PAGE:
The analysis of the relationship between domestic and silvatic populations of Rhodnius prolixus\robustus (Hemiptera : Reduviidae) in Venezuela by geometric morphometric and molecular methods

Fitzpatrick, Sinead Orla; (2007) The analysis of the relationship between domestic and silvatic populations of Rhodnius prolixus\robustus (Hemiptera : Reduviidae) in Venezuela by geometric morphometric and molecular methods. PhD thesis, London School of Hygiene & Tropical Medicine. DOI: 10.17037/PUBS.00682357

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Despite four decades of control of Chagas disease in Venezuela, domestic infestations still persist and transmission of Trypanosoma cruzi may be increasing. This is in contrast to the Southern cone region where control has successfully eliminated domestic populations of the main vector Triatoma infestans over large areas. However unlike T. infestans, the main vector in Venezuela, Rhodnius prolixus, has a widespread silvatic distribution occurring primarily in palm trees, which are a ubiquitous feature of the Venezuelan landscape. The palm tree is an important part of campensino life and is maintained for fruit, shade and for use in house construction. Control failures may be due to reinvasion of houses by these prevalent silvatic populations. However, debate exists as to whether the silvatic populations are in fact Rhodnius robustus, a related species of minor epidemiological importance, and therefore no threat to control. With an estimated 800,000 people infected with T. cruzi in Venezuela and a further 3 million at risk of infection, an effective control programme is required, which necessitates that this relationship between silvatic and domestic populations is resolved. This study was undertaken in order to (1) confirm the identity of silvatic populations of Rhodnius in Venezuela and (2) determine if domestic and silvatic populations are isolated, thus to clarify the role of silvatic populations in maintaining house infestations. To achieve these aims field collected silvatic and domestic populations of Rhodnius from 5 States were analysed by genetic methods, direct sequencing (cytochrome b, D2) and microsatellites, and by geometric morphometric analysis. A total of 551 specimens from 31 localities in six Venezuelan states were analysed by direct sequencing of cytochrome b (cytb). Results confirmed the presence of R. prolixus in both silvatic and domestic ecotopes, dispelling the belief that all silvatic populations are R.robustus. Rhodnius robustus does however occur and was found in this study in the Andean State Trujillo. Here it was limited to the silvatic environment. This project found that silvatic and domestic populations of R. prolixus are not isolated, sharing 6 haplotypes, including four silvatic haplotypes also detected in domestic nymphs, indicating that silvatic specimens are capable of domestic colonisation. This was also confirmed from the analysis of adjacent domestic and silvatic populations in Portuguesa and Barinas State where population homogeneity was detected. Additionally cytb analysis identified an introgression event between Amazonian R. robustus and R prolixus, confirmed by incongruence of cytb and D2 nuclear characterisation. Phylogenetic analysis of specimens was also undertaken. To investigate further fine scale population heterogeneity a panel of microsatellite markers, hitherto unavailable, was developed for R prolixus, using an enrichment technique. A panel of 10 loci was available for analysis following PCR screening and linkage analysis. A total of 555 specimens were analysed from 33 populations . Microsatellite analysis also detected population homogeneity between ecotopes, including adjacent populations, indicating that silvatic populations are not isolated. Population heterogeneity was greater among localities in Portuguesa than Barinas, may be due to landscape variation. Differences between control programmes may also play a role. Geometric morphometries identified shape similarity between populations across all States. However, shape convergence by ecotope was detected and results indicated that morphometries might be of limited use for the analysis of populations of R prolixus, with the exception of post-control reinvasion\recrudescent studies. The three methods did not always concur precisely. However comparison was difficult due to detected introgression and shape convergence distorting, respectively, mitochondrial and morphometric analysis. Results indicated that a combined use of microsatellites and morphometries would be beneficial in the analysis of adjacent domestic and silvatic populations. A similar pattern of a lack of isolation between silvatic and domestic ecotopes was detected by both genetic methods, with limited morphometries overlap detected; broadly all three methods showed that populations from differing ecotopes are not isolated. This is also supported by a parallel project on risk-factor analysis. From this study it is clear that silvatic populations of R prolixus present an unquestionable threat to the successful control of Chagas disease in some endemic regions of Venezuela and, unlike the Southern cone, elimination of domestic infestations may not be possible in areas where silvatic R prolixus occur. A restructuring of the control programme in Venezuela is required to deal with this silvatic threat. This may include increased vigilance and methodical respraying and the incorporation of novel approaches to deal with silvatic invasion such as use of insecticide treated curtains; ultimately more investment in the improvement of the rural rancho is required.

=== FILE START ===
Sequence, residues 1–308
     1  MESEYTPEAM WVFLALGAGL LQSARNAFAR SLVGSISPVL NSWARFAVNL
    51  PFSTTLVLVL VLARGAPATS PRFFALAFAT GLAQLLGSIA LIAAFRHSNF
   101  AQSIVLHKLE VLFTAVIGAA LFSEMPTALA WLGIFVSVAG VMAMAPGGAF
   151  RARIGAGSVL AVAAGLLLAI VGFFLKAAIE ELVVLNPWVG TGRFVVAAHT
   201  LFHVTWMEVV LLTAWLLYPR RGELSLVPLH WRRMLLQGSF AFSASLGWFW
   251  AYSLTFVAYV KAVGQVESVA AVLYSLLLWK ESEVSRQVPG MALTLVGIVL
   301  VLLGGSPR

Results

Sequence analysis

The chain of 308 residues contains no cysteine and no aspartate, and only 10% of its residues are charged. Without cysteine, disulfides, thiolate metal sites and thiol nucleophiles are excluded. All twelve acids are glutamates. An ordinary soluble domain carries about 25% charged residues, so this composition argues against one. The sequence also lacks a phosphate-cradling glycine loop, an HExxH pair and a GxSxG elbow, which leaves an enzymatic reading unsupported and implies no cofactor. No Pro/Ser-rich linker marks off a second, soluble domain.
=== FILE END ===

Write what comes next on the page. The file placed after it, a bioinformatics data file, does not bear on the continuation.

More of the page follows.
Item Type: Thesis
Thesis Type: Doctoral
Thesis Name: PhD
Contributors: Miles, MA (Thesis advisor);
Additional Information:
Faculty and Department: Faculty of Infectious and Tropical Diseases > Dept of Pathogen Molecular Biology


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